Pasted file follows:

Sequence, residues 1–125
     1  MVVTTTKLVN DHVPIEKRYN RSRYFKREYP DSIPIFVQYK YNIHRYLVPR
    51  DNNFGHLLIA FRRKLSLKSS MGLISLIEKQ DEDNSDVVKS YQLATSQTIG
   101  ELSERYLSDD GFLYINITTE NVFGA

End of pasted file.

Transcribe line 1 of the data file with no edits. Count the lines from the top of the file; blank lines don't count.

Sequence, residues 1–125